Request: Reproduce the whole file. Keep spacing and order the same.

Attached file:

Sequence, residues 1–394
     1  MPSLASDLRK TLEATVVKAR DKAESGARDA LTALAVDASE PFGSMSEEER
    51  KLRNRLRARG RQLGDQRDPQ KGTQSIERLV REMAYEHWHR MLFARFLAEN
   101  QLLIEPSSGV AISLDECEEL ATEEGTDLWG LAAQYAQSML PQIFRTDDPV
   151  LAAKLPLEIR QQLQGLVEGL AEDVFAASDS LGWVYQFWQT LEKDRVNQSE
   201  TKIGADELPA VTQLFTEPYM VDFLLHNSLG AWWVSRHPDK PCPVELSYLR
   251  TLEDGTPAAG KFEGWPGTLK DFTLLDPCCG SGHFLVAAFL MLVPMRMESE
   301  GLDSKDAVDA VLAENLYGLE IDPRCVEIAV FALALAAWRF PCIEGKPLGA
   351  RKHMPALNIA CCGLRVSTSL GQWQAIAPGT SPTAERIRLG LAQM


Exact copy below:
Sequence, residues 1–394
     1  MPSLASDLRK TLEATVVKAR DKAESGARDA LTALAVDASE PFGSMSEEER
    51  KLRNRLRARG RQLGDQRDPQ KGTQSIERLV REMAYEHWHR MLFARFLAEN
   101  QLLIEPSSGV AISLDECEEL ATEEGTDLWG LAAQYAQSML PQIFRTDDPV
   151  LAAKLPLEIR QQLQGLVEGL AEDVFAASDS LGWVYQFWQT LEKDRVNQSE
   201  TKIGADELPA VTQLFTEPYM VDFLLHNSLG AWWVSRHPDK PCPVELSYLR
   251  TLEDGTPAAG KFEGWPGTLK DFTLLDPCCG SGHFLVAAFL MLVPMRMESE
   301  GLDSKDAVDA VLAENLYGLE IDPRCVEIAV FALALAAWRF PCIEGKPLGA
   351  RKHMPALNIA CCGLRVSTSL GQWQAIAPGT SPTAERIRLG LAQM